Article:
MIreya Solis: Cracks in Trump’s Trade Orthodoxy?
In stating that he does not oppose the Trans-Pacific Partnership (TPP), Rex Tillerson took a sharply different position from the president-elect during his confirmation hearing yesterday before the Senate Foreign Relations Committee. Sure enough, Mr. Tillerson softened his statement by giving a nod to the concern that liberalization does not benefit all U.S. interests—but breaking from Trump’s trade orthodoxy is noteworthy. Still, not opposing TPP is a far cry from actually championing it if confirmed. Asian capitals would surely pay attention to the arrival of a secretary of state who grasps the geopolitics of multilateral rule-making.
The plot thickens: How will the tug of war between Trump’s trade circle (with a strong economic nationalist bent) and the broader economic-diplomatic team (with more favorable views towards internationalism) play out? Can geopolitics—avoiding a vacuum in East Asia, putting China on the defensive—eventually lead the Trump administration to “reinvent” TPP? Or will the sheer weight of Trump’s trade ideology rule out any correction course?
Richard Bush: TILLERSON ON ALLIANCES
In his confirmation testimony on January 11 before the Senate Foreign Relations Committee, Rex Tillerson confirmed a shift in the view of the incoming Trump administration regarding U.S. alliances in Asia. Yet he did not completely remove the doubts that Candidate Trump created in the minds of our Asian allies during the campaign.
The theme of Tillerson’s testimony was that the Trump administration would renew and assert American leadership in the world. Our “durable alliances,” he said, were a key advantage in carrying out this effort. This reaffirmation of alliances will be welcome news in Tokyo, Seoul, and Canberra. It resonates with statements made the day before by National Security Adviser-designate Michael Flynn.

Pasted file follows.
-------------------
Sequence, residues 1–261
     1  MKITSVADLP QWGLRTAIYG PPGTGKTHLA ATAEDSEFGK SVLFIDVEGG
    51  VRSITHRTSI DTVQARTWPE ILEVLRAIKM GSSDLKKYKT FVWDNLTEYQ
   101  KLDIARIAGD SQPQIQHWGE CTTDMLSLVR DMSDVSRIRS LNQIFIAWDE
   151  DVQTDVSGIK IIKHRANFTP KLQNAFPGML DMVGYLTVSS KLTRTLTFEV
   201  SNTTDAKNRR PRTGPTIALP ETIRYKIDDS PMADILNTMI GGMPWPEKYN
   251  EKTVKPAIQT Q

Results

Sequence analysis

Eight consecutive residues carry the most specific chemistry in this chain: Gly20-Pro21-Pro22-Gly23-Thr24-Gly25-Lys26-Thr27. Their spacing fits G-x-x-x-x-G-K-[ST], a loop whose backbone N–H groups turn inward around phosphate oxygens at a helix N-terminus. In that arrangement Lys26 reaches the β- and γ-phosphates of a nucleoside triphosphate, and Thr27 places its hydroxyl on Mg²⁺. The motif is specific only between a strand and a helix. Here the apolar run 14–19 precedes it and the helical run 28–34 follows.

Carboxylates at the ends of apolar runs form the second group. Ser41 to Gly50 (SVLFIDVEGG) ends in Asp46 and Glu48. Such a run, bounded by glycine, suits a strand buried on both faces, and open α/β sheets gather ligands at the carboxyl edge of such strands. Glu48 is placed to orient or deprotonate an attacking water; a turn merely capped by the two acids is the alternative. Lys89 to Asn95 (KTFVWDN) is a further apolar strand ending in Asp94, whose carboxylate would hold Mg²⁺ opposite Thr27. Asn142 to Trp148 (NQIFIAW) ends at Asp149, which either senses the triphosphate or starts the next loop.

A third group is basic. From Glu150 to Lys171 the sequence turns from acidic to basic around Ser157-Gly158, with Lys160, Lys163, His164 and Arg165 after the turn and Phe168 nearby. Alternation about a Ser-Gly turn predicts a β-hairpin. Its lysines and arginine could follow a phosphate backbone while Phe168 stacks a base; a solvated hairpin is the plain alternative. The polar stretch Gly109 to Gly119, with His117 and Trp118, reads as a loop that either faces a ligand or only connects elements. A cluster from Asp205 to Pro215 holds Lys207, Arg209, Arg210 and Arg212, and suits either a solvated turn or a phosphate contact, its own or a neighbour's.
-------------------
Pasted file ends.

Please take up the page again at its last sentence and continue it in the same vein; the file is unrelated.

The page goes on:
Tillerson also laid down a marker for our allies that echoes Candidate Trump’s theme that our allies were not bearing a sufficient burden in preserving peace and security. Tillerson said:
“We must hold our allies accountable to commitments they make. We cannot look the other way at allies who do not meet their obligations; this is an injustice not only to us, but to longstanding friends who honor their promises and bolster our own national security.”
The reference to “commitments they make” probably refers to the failure of some NATO allies to meet the guideline (not binding obligation) that they spend at least 2 percent of their GDP on defense. If that is the specific thing on Team Trump’s mind, that may relieve anxieties in East Asia—after all, there are no such numerical guidelines that Japan, Korea, or Australia must meet.
Yet concerns remain. The absence of a defense-spending guideline does not mean that the new administration won’t lean on Tokyo and Seoul to spend more. If it does, using the percentage-of-GDP metric is not really a good metric for evaluating burden-sharing, because it says nothing about the capabilities that are being acquired and whether they are commensurate with the threat faced. Moreover, not everything important about alliances can be quantified. The allocation of alliance burdens depends on a shared definition of missions, a coordination of effort, and a confidence on the part of each ally that the other will have its back.